The surgical procedures involved with the correction of the cavus foot are varied and depend on the patient's foot and ankle alignment and related problems. Typically, the foot is realigned by cutting and repositioning the bones (known as osteotomies).
Repairing fractures, tightening ligaments, and transferring tendons also may be necessary. The goal is for the repaired foot to evenly distribute weight along both inside and outside edges. A variety of incisions may be needed to perform the procedures
related to the correction of the cavus foot.
Soft-tissue surgery: Cavus foot is caused in part by an over-pull of one of the lateral ankle muscles. A release of this tendon can be performed on the outside of the ankle. Additionally, a transfer of this tendon can be performed
to help correct the deformity of the ankle joint. Often patients will have a tightness of their gastrocnemius muscle, one of the main muscles in the calf. This can increase the deformity or prevent a correction from working. It is addressed
with a lengthening of a part of the calf muscle or Achilles tendon. This is often performed through one or more small cuts in the back of the leg/ankle. Finally, the plantar fascia may be tight. The plantar fascia is a cord-like structure
that runs from the heel to the front part of the foot. Your surgeon may perform a partial or complete plantar fascia release.
Dorsiflexion osteotomy of the first metatarsal: This procedure flattens out the arch.
Calcaneal (heel bone) osteotomy: This
procedure is performed to bring the heel bone back under the leg. This is needed if correcting the deformity in the front of the foot does not also correct the back of the foot or ankle. A calcaneal osteotomy can be performed several ways
and often is held in place with one or more screws.
Tendon transfers: Too much pull of certain
muscles and tendons often is the cause of the deformity associated with a cavus foot. Moving one of these muscles or tendons may help the foot work better. In addition, patients with a cavus foot may have weakness moving the foot up, which
is sometimes called a foot drop.
In these cases, a tendon from the back of the ankle may be moved to the top of the foot to help improve strength.
Bony surgery: Correcting the deformity of the foot may not be possible with soft tissue procedures alone. In these instances, one or more bone cuts (osteotomies) may be needed. Instead of a bone cut, your surgeon may perform a fusion (arthrodesis) procedure. A fusion removes the joint between two bones so they grow together over time. During a fusion the bones may be held in place with plates or screws.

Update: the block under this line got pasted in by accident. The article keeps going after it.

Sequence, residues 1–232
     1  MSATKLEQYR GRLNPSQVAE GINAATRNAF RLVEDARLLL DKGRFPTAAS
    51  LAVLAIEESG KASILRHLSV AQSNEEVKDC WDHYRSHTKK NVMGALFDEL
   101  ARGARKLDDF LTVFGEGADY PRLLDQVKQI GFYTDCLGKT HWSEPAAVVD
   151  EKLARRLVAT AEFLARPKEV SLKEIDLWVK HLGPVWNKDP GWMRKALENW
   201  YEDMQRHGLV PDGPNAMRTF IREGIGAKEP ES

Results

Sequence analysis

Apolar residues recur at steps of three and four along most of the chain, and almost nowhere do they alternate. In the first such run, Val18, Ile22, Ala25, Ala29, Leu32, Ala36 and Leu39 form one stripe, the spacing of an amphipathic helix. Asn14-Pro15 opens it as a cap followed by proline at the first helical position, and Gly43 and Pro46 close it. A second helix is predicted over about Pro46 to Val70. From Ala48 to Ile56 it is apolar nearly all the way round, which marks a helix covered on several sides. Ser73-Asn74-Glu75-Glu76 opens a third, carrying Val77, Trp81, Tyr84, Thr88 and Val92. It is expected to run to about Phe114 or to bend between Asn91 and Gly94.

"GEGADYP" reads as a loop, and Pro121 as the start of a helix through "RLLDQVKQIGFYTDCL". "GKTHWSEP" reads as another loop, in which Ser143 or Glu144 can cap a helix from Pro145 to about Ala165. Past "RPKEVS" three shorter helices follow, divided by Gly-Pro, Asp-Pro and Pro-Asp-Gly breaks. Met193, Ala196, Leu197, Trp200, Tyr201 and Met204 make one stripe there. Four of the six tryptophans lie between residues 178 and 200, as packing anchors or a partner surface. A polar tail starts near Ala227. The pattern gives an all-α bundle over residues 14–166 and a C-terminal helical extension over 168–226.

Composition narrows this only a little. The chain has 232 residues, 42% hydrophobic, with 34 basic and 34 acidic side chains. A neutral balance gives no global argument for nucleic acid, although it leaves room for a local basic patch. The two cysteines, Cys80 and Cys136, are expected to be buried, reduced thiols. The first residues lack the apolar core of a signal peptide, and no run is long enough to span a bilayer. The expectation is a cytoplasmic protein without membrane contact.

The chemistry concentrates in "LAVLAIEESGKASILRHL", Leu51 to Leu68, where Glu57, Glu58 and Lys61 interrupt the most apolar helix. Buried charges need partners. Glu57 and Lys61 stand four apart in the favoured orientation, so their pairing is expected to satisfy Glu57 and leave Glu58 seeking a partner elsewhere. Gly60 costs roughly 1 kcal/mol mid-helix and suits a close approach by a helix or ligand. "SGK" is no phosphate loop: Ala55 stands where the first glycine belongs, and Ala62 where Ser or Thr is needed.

Joint fusion: Sometimes patients have a deformity that has caused damage to the joints. In these cases, soft tissue procedures or bone cuts may not be enough, and it may be necessary to eliminate the motion of the joint.
Toe surgery: Clawed toes are a common problem in
patients with cavus foot deformity. This can be treated with tendon surgery, fusion, or removal of part of the toe bones. Following surgery the toes may temporarily be held in place with pins.
Recovery typically requires at least six weeks of non-weight bearing so the bones and other structures can heal. In many cases, an even longer period of protection or non-weight bearing is needed. Typically, the final results are not seen for approximately 6-12 months after surgery.
Risks and Complications
All surgeries come with possible complications, including the risks associated with anesthesia, infection, damage to nerves and blood vessels, and bleeding or blood clots.
Particular complications associated with cavus foot surgery include incomplete correction of deformity, return of deformity, and incomplete healing of the bone.
If I have cavus foot surgery, will my foot be totally normal?
Foot surgery is difficult, especially when large amounts of correction are needed. The ability to bring the foot into a new position may not be lasting, even if everything looks perfect
in the operating room. The goal is to provide improved position and function of the foot and ankle. In some patients with very severe deformity, the goal is a foot that functions well in a brace.
Original article by Thomas Douglas, MD
Last reviewed by Zachary Vaupel, MD, 2018
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